By Lancelot Lin
For The Diamondback
The University of Maryland's public policy school won the inaugural Voinovich Public Innovation Challenge for the university's "Do Good Initiative," which promotes innovative solutions for public issues.
The "Do Good Initiative" aims to maximize engagement with students of all majors with the goal of combining experiences and education to allow students to make meaningful contributions to causes they value, said Bob Grimm, director of the Do Good Institute.
"From students' beginning interest, they can take a Do Good Now course, receive seed funding and get coaching, however they want to approach that initial idea," said Toby Egan, an associate professor and faculty director of the Do Good Campus.
The public policy school participated in this challenge during the annual conference on Oct. 13 for the Network of Schools of Public Policy, Affairs and Administration. This was the first year NASPAA offered the Voinovich Public Innovation Challenge, which honors late Sen. George Voinovich (R-Ohio) and is sponsored by Ohio University's Voinovich School of Leadership and Public Affairs.
Participating universities, including New York University, and the University of Texas at Austin, submitted proposals in August. Each institution was required to give a five- to 10-minute pitch to a panel of judges regarding the approach, results and future goals of their program. Panelists were composed of experts in social innovation, nonprofit management and other public sectors.
"The judges were unanimous that this year's winner showed the greatest promise in terms of an innovation that could serve the public good and an innovation in the education space that could serve the students' good," said Robert Orr, the dean of this university's public policy school.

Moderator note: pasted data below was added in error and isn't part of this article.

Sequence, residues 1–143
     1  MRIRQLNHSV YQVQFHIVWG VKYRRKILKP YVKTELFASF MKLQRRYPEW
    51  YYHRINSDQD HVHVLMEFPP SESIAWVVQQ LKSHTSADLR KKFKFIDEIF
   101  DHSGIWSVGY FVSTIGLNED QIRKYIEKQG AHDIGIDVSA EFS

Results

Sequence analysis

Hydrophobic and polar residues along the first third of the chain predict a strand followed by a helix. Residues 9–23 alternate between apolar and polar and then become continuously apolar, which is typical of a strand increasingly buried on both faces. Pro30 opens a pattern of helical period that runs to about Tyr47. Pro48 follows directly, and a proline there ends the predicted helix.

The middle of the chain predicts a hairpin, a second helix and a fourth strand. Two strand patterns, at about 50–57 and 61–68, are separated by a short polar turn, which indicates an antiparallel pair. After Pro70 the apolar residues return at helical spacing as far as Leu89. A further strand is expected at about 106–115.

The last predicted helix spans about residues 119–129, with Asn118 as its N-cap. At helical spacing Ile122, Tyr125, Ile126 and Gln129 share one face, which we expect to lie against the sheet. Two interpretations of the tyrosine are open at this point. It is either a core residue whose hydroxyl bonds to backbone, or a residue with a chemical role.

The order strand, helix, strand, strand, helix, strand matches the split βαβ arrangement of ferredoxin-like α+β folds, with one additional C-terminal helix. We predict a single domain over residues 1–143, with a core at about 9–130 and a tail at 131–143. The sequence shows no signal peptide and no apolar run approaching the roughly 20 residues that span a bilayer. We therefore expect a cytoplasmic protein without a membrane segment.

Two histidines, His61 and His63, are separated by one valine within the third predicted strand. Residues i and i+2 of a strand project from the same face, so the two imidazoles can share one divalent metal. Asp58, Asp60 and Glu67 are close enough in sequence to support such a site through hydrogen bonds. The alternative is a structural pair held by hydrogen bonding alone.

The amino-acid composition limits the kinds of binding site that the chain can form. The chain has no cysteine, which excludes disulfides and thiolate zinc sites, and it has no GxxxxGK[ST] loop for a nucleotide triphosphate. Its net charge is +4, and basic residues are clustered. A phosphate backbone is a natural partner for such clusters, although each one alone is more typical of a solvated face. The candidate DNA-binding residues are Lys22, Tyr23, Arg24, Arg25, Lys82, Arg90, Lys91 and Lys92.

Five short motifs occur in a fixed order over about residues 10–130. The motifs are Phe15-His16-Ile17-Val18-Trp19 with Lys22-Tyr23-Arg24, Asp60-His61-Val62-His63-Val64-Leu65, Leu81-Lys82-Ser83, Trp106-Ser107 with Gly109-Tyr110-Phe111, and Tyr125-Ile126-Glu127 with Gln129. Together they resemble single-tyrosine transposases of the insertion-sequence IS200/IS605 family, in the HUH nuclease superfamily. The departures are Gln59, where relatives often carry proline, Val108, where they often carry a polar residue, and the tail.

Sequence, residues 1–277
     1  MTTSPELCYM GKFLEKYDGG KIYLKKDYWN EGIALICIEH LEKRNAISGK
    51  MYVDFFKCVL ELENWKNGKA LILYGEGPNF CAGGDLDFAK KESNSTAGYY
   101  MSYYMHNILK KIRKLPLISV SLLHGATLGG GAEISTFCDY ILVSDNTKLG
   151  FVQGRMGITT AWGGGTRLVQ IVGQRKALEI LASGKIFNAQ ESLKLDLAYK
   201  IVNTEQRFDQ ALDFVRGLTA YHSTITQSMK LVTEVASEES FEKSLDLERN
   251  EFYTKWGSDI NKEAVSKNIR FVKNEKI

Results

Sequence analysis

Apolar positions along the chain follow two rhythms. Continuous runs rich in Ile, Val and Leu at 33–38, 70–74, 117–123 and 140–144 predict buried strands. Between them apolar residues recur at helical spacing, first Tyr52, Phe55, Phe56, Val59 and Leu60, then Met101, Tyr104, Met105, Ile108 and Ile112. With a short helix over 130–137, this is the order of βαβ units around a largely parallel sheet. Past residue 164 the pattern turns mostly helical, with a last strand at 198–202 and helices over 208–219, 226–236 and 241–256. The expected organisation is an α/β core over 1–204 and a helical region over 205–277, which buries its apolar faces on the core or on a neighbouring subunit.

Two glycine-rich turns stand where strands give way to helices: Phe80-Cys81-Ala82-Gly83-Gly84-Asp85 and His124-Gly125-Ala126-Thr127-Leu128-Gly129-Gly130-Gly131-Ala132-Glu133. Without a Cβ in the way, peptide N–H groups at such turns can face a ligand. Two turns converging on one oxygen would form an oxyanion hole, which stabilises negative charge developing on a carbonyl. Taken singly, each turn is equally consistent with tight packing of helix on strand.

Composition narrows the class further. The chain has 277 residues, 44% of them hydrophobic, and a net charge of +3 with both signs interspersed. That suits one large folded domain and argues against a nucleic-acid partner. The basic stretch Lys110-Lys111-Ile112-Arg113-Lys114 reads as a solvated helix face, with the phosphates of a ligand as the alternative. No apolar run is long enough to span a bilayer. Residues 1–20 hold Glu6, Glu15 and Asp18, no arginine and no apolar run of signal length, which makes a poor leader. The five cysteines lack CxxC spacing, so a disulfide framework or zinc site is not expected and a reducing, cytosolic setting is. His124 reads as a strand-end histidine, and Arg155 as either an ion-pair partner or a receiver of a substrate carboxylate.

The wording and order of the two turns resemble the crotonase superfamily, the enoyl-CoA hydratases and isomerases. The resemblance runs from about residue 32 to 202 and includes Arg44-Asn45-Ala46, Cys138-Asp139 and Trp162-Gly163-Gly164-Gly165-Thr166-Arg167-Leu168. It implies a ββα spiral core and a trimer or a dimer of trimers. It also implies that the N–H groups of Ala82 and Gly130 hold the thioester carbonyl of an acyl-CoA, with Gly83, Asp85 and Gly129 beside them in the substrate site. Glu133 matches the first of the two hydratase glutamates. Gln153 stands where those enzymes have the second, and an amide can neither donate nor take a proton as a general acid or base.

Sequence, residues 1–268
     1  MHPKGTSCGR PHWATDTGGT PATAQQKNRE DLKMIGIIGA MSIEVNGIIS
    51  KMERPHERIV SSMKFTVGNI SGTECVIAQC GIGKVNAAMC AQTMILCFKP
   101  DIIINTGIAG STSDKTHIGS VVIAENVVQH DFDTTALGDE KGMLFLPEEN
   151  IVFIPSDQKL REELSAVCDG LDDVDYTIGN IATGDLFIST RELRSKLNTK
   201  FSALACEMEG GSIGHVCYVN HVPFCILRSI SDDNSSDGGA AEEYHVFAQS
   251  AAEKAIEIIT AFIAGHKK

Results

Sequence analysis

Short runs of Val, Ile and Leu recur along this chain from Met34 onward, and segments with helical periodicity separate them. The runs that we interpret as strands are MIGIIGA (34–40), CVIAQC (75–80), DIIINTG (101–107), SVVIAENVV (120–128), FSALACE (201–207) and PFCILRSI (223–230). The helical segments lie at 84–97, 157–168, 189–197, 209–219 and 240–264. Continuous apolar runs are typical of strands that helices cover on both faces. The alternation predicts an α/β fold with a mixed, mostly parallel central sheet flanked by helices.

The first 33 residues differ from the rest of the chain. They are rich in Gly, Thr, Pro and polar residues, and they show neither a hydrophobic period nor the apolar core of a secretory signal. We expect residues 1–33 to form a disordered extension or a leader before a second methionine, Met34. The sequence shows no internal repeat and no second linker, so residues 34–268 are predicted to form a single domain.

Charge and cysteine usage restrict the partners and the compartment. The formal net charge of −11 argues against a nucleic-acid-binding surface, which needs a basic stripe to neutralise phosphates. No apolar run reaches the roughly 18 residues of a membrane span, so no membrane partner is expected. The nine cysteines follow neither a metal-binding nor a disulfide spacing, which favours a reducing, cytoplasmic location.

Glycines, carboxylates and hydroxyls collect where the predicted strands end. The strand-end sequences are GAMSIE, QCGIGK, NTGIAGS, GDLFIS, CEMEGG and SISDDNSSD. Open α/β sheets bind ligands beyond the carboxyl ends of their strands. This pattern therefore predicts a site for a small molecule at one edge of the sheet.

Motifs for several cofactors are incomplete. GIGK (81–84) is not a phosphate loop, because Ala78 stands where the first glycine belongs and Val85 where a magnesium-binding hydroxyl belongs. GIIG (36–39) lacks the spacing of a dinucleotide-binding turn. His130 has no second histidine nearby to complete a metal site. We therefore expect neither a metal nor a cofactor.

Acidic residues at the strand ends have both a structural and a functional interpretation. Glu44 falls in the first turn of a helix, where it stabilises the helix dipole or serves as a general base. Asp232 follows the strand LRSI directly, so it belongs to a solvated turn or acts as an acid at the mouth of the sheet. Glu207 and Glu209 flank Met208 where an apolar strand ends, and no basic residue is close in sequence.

The university was awarded $3,500 for first place. This money will be put toward efforts to expand Maryland's "Do Good Campus" model to other institutions, Orr said.
"This is kind of an 'open-source' kind of model that we don't want to claim proprietary instincts on the 'Do Good' model, in fact we want to spread it like a really positive virus," Orr said.
"It actually builds on some initial efforts that we've started about six years ago," Grimm said. "One of the things that we're doing that is very unique for universities and colleges is we are focused on harnessing the power of the whole campus to do good."
This university's initiative, announced by university President Wallace Loh last year, is different from other finalists as it effectively combined "outward facing public impacts" with a "strong educational component," Orr said.
"The fact that we are already teaching 'Do Good' courses across five different colleges and that we are aspiring to teach 'Do Good' courses in every college is strongly innovative," he said.
Participating in the Voinovich challenge brought this university broader recognition into its unique approach, Egan said.
"It certainly communicates externally to the university and to other universities, even to the state and other states, that the impact that this kind of campus-wide approach can have," he said.
Grimm also said after participating in the Voinovich challenge, he said he feels even more motivated to strengthen the initiative and stressed its importance to this university.
"It's even crystallized for me more the importance and unique initiative that we're doing here at the University of Maryland," he said.